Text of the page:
July 21, 2011

Survival in hurricanes

BOATERS ON THE EAST COAST are mentally preparing themselves for another hurricane season. One owner of a 35-foot sailboat who often crosses over to the Bahamas wants to know if sailboats can survive hurricanes. “How high do the waves get, and how do yachts handle them?” he asks.

Well, certainly, many sailboats have survived hurricanes. For example, Atom, a 30-foot Tahiti ketch sailed by Jean Gau, a New York chef, survived a hurricane that sank a sail-training ship, a large square-rigger, not far away.

But it’s misleading to say a boat survived a hurricane. There are boats and there are hurricanes, and no two are the same. To a great extent, it depends on how far the boat is from the center of the hurricane, and whether she is in the safe quadrant or the dangerous quadrant.

As for the height of waves, here’s what Captain Edwin Harding, author of Heavy Weather Guide, has to say about it: Waves of 35 to 40 feet are not uncommon in an average hurricane. In giant storms they can reach to 50 feet or higher.

How do you deal with waves that high? It depends on the size of the breaking crests, the characteristics of your boat, and where the nearest land lies, whether you heave to, lie ahull, or run off. In extremis, there doesn’t seem much you can do other than take down all sail, slide the companionway tightly shut, and climb into a bunk with a lee cloth to prevent your being flung out. Any jetting crest that is taller than 55 percent of the overall length of your boat will capsize you if it hits you broadside on — a 19-foot crest if you’re aboard a 35-footer. That’s a huge plunging breaker, admittedly, but they do happen and if the wind is blowing against the Gulf Stream, things can get even worse, and very quickly.

So if I were crossing to the Bahamas and back I’d keep a good eye on the weather forecasts. I never want to be at sea in the teeth of a hurricane.

Today’s Thought
Let him who knows not how to pray go to sea.
John Ray, English Proverbs.

Boaters’ Rules of Thumb, #225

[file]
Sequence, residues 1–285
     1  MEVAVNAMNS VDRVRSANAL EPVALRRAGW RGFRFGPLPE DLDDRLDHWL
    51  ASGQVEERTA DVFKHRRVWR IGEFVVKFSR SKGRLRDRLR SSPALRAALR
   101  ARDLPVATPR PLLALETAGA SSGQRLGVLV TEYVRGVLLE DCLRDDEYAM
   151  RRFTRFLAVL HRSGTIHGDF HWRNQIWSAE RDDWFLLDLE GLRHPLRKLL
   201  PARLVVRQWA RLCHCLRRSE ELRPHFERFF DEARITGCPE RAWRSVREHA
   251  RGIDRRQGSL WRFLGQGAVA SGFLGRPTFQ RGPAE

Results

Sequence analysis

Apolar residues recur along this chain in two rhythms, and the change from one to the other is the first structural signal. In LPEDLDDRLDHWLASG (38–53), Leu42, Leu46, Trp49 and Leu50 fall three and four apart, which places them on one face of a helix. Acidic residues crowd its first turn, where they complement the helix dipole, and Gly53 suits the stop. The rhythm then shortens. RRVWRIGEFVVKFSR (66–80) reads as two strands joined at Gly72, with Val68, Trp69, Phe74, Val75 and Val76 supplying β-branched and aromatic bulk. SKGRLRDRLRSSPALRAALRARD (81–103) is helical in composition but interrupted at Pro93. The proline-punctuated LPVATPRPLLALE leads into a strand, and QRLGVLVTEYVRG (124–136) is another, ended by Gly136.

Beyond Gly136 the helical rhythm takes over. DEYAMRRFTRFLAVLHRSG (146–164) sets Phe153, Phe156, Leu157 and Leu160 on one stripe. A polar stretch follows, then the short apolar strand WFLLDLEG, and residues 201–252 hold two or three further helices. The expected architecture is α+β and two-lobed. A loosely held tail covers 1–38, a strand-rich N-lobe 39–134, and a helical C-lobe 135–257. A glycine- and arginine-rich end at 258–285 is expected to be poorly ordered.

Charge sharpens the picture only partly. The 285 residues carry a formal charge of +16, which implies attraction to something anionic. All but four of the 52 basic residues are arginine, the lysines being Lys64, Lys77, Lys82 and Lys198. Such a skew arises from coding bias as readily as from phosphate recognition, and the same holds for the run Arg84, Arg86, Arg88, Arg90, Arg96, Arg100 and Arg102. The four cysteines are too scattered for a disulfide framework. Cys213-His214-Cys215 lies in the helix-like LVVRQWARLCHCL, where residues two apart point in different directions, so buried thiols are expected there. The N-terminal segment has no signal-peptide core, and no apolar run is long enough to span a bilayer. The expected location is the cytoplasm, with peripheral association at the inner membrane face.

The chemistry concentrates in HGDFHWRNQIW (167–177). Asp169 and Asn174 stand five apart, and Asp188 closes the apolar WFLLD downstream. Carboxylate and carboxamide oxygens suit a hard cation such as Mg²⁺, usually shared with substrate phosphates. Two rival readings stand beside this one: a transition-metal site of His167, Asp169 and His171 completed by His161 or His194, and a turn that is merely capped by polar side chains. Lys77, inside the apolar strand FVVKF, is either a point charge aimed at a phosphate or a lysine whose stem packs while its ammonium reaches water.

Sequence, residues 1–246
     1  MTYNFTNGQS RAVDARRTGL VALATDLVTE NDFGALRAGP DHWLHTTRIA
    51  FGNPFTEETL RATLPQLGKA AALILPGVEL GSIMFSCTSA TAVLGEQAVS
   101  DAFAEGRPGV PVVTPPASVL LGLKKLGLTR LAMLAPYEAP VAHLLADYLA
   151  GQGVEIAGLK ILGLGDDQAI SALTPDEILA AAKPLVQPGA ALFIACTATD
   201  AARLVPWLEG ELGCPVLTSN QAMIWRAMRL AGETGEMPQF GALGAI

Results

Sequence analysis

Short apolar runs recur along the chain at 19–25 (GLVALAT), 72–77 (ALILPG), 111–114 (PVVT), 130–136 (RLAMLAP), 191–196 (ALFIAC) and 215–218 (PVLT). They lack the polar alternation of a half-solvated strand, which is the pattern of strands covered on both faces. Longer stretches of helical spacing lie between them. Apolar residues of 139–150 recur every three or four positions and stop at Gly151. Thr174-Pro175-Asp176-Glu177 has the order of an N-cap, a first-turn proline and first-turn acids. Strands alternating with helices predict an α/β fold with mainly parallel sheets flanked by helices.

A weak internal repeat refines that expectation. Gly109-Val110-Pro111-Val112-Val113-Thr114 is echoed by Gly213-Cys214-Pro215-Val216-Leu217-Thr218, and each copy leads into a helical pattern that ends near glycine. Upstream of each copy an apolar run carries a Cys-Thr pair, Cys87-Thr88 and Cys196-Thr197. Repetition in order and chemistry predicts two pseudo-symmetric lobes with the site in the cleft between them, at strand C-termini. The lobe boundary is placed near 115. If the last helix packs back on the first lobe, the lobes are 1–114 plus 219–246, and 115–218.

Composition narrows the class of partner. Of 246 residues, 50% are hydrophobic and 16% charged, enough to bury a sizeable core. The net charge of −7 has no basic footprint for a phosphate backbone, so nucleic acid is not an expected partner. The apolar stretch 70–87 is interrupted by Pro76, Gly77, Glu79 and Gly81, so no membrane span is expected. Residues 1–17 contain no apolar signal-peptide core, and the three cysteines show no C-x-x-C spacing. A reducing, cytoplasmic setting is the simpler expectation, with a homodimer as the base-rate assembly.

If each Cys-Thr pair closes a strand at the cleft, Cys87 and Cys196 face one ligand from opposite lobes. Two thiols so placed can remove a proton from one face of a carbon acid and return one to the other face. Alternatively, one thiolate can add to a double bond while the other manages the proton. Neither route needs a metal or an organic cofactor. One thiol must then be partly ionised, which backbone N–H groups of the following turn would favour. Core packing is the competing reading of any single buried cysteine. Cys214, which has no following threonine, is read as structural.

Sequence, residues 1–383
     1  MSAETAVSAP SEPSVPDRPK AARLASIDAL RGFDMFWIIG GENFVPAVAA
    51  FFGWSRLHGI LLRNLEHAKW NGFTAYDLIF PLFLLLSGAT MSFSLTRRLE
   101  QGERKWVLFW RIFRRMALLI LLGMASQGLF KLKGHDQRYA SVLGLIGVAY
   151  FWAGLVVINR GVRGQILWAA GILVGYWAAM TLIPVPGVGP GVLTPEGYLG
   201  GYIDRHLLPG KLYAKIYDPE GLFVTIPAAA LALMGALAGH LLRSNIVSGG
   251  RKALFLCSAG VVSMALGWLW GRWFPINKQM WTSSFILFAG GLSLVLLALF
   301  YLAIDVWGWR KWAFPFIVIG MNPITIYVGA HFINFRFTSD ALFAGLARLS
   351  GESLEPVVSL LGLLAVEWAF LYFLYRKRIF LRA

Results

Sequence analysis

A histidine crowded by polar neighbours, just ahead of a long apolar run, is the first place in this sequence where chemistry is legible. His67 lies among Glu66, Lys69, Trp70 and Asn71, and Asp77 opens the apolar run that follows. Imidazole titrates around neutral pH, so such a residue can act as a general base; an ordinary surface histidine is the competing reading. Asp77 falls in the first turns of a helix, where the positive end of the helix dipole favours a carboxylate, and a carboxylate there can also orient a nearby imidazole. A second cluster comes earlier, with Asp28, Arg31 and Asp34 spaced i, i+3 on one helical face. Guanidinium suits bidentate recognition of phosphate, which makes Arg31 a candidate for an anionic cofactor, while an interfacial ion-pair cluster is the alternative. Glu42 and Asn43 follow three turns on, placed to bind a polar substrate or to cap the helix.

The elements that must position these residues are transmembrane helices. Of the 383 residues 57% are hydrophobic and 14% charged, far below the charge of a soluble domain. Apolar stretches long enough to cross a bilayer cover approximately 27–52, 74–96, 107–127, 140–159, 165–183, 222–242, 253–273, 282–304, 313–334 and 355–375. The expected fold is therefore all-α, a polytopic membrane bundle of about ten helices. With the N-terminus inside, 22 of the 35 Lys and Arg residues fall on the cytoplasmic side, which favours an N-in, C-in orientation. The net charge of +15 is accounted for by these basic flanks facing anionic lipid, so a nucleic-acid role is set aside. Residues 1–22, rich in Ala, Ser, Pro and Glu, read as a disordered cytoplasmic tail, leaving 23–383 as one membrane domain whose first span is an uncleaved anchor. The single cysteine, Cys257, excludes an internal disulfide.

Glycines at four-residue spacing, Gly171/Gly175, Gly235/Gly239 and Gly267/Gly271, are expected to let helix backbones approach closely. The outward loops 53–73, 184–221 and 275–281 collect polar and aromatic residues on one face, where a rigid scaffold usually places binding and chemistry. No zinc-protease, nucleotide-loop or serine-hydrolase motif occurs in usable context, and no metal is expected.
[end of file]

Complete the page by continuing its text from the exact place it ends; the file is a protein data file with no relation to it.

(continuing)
The apparent wind direction changes by between 5 and 8 degrees from the bottom of the mast to the top, depending, of course, on high your mast is. The rule of thumb, therefore, is that the leech at the head of the sail should lie further off the wind than the leech near the clew.

Tailpiece
Mary had a little watch,
She swallowed it one day,
So now she’s taking purgatives
To pass the time away.

(Drop by every Monday, Wednesday, Friday for a new Mainly about Boats column.)

1 comment:

Micky-T said...

I was out in the Gulf Stream during "the no name storm"(91,92?)as crew on a delivery to Antigua, a fifty five foot boat well appointed. Our wind speed indicater was "pegged" to the pin at 50 knots for two full days. I still describe the seas as high as telephone poles (50')and just about as far apart. The captain chose to maintain headway into the seas(motoring with a bedsheet of main rolled out)because we could hold our position (somewhat) and not lose to much ground southing, because of course there was a charter scheduled in St Lucia.

We took a serious beating from breaking crests but all over the bow and they ran the length of the boat. The boat took it fine but we lost parts of a dingy(floorboards) that was lashed forward along with a windsurfer, and of course they did damage as they were swept aft and took out a dorade box on the cabin top. While getting the kid set up below with the emergency bilge pump I got to witness how much water comes in a 4" hole as we took a breaking crest. I describe that as a 55 gal drum being filled in about 5 seconds.

Back on deck, the captain and I lashed and tethered managed to get out there and duct tape the hole. Yes, quality duct tape sticks to fiberglass in salt water.

We made Bermuda OK, hadn't had my foul weather off or even opened, for almost three days. Yes, sometimes there is no time for even zippers.